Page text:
DBWORD may be a signal outputted from an external apparatus connected to the memory device 30, for example. If a bus width determined based on a DESIZE signal is changeable by an externally inputted signal, it is possible for a memory device to re-set a bus width for test writing or writing by a writer. Thus, a further easy-to-use memory device can be provided.

If SIZER is a signal obtained from an internal register of the host system 10, for example, it is possible to change an output data width according to a reading data width of the host system 10. Thus, a further easy-to-use and versatile memory device 30 can be provided. Also, such a memory device 30 has the advantage of being able to facilitate failure analysis and debugging.

In the present embodiment, the case in which a signal whose value is selectively determined (DBWORD and SIZER) is preferentially used over a signal having a set value (DBSIZE) in order to set a bus width has been described. Setting a bus width in such a manner is useful in setting an output data width according to the circumstances under which a device is used, but it is not limited thereto. Also, the type and number of signals used for setting a bus width are not limited to those described in the present embodiment.

The memory device 30 fixes a voltage of an unused wire on the output data bus DBout to a particular value “H” by turning a predetermined signal among the signals EN16, EN32, and EN64 to “L”. In other words, a physical output data width of the memory device 20 is nk (=64) bit; when a signal in which the same pattern of n (=8)-bit status signal repeats m (=1,2,4,8) times is outputted, invalid n(k−m) bit is set to a particular value. By fixing an output value other than a valid value in such a manner as described above, it is possible to reduce power consumption and prevent the host system from malfunctioning.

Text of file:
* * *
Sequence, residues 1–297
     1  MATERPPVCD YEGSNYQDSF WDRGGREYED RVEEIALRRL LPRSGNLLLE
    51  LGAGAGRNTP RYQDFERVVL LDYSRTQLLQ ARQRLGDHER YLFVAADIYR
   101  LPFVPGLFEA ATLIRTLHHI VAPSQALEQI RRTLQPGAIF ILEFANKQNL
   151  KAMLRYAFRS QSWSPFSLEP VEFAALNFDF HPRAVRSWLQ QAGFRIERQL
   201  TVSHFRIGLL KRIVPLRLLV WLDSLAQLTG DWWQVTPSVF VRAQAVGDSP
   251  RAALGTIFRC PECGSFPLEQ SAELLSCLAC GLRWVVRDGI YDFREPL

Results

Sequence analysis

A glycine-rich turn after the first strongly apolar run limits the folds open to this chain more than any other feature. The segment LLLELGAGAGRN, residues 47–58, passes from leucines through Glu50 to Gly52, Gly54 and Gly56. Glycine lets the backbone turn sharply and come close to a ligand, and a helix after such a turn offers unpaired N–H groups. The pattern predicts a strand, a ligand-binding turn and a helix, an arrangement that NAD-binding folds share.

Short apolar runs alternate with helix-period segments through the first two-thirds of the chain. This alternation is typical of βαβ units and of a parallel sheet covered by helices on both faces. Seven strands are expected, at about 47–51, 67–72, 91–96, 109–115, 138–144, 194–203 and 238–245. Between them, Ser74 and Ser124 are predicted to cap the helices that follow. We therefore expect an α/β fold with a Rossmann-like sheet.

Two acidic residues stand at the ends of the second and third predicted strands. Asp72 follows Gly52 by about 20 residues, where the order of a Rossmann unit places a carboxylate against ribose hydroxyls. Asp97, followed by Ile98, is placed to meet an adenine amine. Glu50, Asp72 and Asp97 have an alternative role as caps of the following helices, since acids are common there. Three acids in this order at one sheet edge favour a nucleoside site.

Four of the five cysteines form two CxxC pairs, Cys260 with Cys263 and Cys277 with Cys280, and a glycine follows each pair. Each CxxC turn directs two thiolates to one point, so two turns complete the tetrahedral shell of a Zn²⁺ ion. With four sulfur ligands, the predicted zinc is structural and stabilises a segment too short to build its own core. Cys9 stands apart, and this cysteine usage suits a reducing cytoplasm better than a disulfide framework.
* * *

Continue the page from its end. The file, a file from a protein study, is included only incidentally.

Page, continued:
The nonvolatile semiconductor memory device 30 according to the present embodiment does not need address control for status check. Thus, the use of the nonvolatile semiconductor memory device according to the present invention simplifies software installed in the host system for address control, whereby it is possible to reduce software design time and processing load on the system.

Furthermore, the nonvolatile semiconductor memory device 30 according to the present embodiment can change an output data width according to the circumstances where a device is used. Thus, the nonvolatile semiconductor memory device 30 according to the present embodiment is easy-to-use and versatile.

While the invention has been described in detail, the foregoing description is in all aspects illustrative and not restrictive. It is understood that numerous other modifications and variations can be devised without departing from the scope of the invention.

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Referenced by
Citing PatentFiling datePublication dateApplicantTitle
US7369449 *May 15, 2006May 6, 2008Fujitsu LimitedSemiconductor integrated circuit and data output method
US7495989 *Jul 11, 2006Feb 24, 2009Samsung Electronics Co., Ltd.Portable data storage apparatus
Classifications
U.S. Classification365/189.02, 365/230.02, 365/230.06
International ClassificationG11C7/00, G11C11/34, G11C16/06, G11C16/10, G11C7/10
Cooperative ClassificationG11C16/10
European ClassificationG11C16/10
Legal Events
DateCodeEventDescription
Apr 6, 2005ASAssignment
Owner name: MATSUSHITA ELECTRIC INDUSTRIAL CO. LTD., JAPAN
Free format text: ASSIGNMENT OF ASSIGNORS INTEREST;ASSIGNORS:SUWA, HITOSHI;KOMIYA, MANABU;TOMITA, YASUHIRO;REEL/FRAME:016453/0289
Effective date: 20050330
Mar 3, 2010FPAYFee payment
Year of fee payment: 4
Feb 25, 2014FPAYFee payment
Year of fee payment: 8